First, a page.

A company that wants to open an office in a foreign country but does not want to open an entity, either because of the costs and risks involved, or because it wants to take advantage of a market opportunity that can’t wait for an entity to open (which can take several months), can work with an Employer of Record service and stay in full compliance.
Under an EoR arrangement, a local company becomes the official employer of the employees, assuming full liability for them and handling the administrative side of employment, such as payroll, benefits, and workforce management. Meanwhile, the client directs the employees in their day-to-day tasks. This allows the client company to bypass the need to open an entity but still maintain an active workforce.
An EoR arrangement is a good way to test a market before committing to it. A company can send a small team, for example, to see if the product has a viable market. If so, the company can open and entity and take full responsibility for the employees. If not, it can close down the EoR with no penalty.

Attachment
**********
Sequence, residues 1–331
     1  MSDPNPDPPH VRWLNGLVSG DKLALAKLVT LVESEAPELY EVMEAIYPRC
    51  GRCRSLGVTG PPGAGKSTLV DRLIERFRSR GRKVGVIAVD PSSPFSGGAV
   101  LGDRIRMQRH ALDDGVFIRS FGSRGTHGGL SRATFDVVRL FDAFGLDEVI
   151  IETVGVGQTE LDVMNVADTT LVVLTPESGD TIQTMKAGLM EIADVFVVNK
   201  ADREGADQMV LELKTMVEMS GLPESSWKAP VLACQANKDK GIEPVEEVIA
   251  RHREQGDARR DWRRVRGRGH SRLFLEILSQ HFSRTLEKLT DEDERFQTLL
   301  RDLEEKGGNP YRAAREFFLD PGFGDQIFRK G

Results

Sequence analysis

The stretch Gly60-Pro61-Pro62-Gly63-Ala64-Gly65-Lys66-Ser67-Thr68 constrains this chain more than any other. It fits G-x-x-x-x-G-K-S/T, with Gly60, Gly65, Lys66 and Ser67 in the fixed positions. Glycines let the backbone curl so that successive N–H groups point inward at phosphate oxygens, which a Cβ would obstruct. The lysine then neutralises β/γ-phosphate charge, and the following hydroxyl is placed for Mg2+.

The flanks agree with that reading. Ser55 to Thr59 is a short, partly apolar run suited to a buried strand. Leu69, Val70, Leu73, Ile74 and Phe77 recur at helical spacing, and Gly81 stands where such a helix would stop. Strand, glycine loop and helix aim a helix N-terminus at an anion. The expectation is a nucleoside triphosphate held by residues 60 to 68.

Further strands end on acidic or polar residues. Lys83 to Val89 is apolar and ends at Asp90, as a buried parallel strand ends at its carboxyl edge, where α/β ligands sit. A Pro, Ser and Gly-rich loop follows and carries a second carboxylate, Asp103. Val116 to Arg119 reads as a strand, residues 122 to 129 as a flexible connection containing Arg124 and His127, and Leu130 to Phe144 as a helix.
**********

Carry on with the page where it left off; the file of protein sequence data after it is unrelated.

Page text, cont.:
An EoR is also a good option for short-term engagement in a particular country. A company can blitz a city with a sales team and then leave when the job is done. In that case, the company doesn’t want to open an entity simply because it does not plan to stay in the country long term.
Opening an entity
For companies committed to having a long-term presence in a country with a substantial number of employees, the best option is to open an entity and assume full legal liability. It is the most stable way to have a presence, and opens the door to signing contracts and making deals – something that a company can’t do with the EoR option.
Opening an entity is often an expensive and time-consuming task. It demands an understanding of the local tax structure and labor laws, and requires registering the business with all of the relevant tax authorities and social security offices. But it is the best way to grow a stable business.
Although having an entity puts all the responsibility on the company, many of the more complicated functions, such as payroll and workforce management, can be outsourced to global payroll companies. That way all of the pay slips are calculated properly, and all of the taxes are properly handled. In most cases, a payroll company will work with a local accounting firm or legal office specialising in labour law, so there are local experts involved in the process.